Our first stop was at Bahir Dar on Lake Tana which is dotted with island monasteries and churches. Upon arrival we were whisked off by boat to visit two of them featuring beautiful murals and 12th century manuscripts. In the afternoon we explored the Blue Nile Falls. They are perhaps not as spectacular as they once were — water has been diverted upstream for a dam – but many of our members enjoyed the excursion anyway.

We flew to Gondar and visited the royal enclosure with its six castles. One of the group’s favorite stops was the village of AwraAmba where the founder has a philosophy that men and women are equal and therefore everyone has to perform the daily tasks. There are no set tasks that are just for women or just for men. Here the residents support each other from birth to death.  We met with the founder who has dedicated his whole life to this philosophy of moving people beyond society’s accepted roles and thus making life better for everyone. It was an inspirational experience.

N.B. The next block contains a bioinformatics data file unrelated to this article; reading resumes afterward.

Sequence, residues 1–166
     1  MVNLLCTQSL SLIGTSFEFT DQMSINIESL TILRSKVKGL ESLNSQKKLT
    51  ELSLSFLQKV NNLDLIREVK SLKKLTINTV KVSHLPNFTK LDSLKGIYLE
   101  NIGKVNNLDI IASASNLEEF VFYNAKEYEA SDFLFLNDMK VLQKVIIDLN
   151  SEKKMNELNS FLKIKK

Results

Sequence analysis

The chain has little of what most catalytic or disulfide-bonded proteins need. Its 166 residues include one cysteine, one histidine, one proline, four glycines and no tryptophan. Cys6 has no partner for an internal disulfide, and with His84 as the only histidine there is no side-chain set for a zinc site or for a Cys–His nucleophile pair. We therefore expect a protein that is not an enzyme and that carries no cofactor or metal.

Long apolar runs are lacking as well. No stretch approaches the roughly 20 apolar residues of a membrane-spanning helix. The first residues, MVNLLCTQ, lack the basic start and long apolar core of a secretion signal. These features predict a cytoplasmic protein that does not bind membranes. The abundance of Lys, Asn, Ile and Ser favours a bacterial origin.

The next day we drove through dramatic mountain scenery to the Simien National Park. The park is known for its distinct ecology, animals and vegetation. We were lucky to get a glimpse of the bleeding heart baboon – endemic to this region.

Our next stop was in Axum where, the Ethiopians believe, the original Ark of the Covenant was brought from Jerusalem by Emperor Menelik 1, the son of Queen of Sheba and King Solomon of Israel. Axum is also known for its huge monolithic stelae made of granite with identical decorations.  The biggest of them, now fallen, was 33 meters high and weighs 500 tons, making it the largest monolith in the world.